But in the end, the most important long-term question is where Deri, holding the reins, will actually take the party, as it appears to be at a major crossroads. Deri planned the rally on Sunday down to the last detail, though it’s doubtful if he planned to have his party appear to be suffering from an identity crisis, as the speeches conveyed. The majority of the speeches was classic ultra-Orthodox, but there were also many speakers who tried to break away from the old Shas, and point out that the party has what to offer the general Israeli public as well. One of them was Rabbi Shlomo Amar, now left of out the circles of power within the party.

Deri, like Rabbi Ovadia Yosef, is familiar with the Israeli mentality, and well immersed in it, but the rabbinic leaders around him are second and third generation Torah scholars in the ultra-Orthodox world, and their daily lives have little in common with non-Haredi Israel. Many of the speakers at the event dedicated their remarks to the planned conscription of the ultra-Orthodox into the IDF, and one rabbi used his speech to denounce impure cellular communications devices – as if he were speaking during a yeshiva class.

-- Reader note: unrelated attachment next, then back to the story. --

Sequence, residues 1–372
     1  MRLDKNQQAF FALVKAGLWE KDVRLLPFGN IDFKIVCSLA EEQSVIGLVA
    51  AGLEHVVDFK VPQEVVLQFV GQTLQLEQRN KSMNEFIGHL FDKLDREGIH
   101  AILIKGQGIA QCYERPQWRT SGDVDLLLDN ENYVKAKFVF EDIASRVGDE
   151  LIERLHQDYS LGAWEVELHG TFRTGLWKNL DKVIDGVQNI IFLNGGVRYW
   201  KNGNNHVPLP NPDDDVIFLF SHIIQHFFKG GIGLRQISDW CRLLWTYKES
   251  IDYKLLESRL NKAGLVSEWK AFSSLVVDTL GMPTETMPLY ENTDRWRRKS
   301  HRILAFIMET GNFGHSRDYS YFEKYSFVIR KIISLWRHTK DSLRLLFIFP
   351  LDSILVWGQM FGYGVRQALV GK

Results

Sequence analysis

Shas was born 30 years ago, into a Lithuanian cradle, (Rabbi Shach served as godfather), and the Mizrahi ultra-Orthodox had always played second fiddle to the Ashkenazim. Even when Eli Yishai served as party chairman, the movement made sure not to compete too much with the Lithuanians, perhaps only to save spaces for the children of Shas’ elite at the Lithuanian yeshivot.

Even if Ovadia Yosef and Eli Yishai adopted the same positions as the Ashkenazim during many instances, Shas always made sure to play up the success of hundreds of Sephardi institutions, founded by Yosef. Rabbi David Yosef had a different message on Sunday. He told the ultra-Orthodox Sephardi crowd, the majority of which sends its children to Sephardi schools, whether on purpose or through lack of foresight, that the holy learning institutions are the Ashkenazi ones. He mentioned only Lithuanian schools. On purpose or not, Yosef made no mention of the Sephardi schools his older brothers studied at during their childhoods.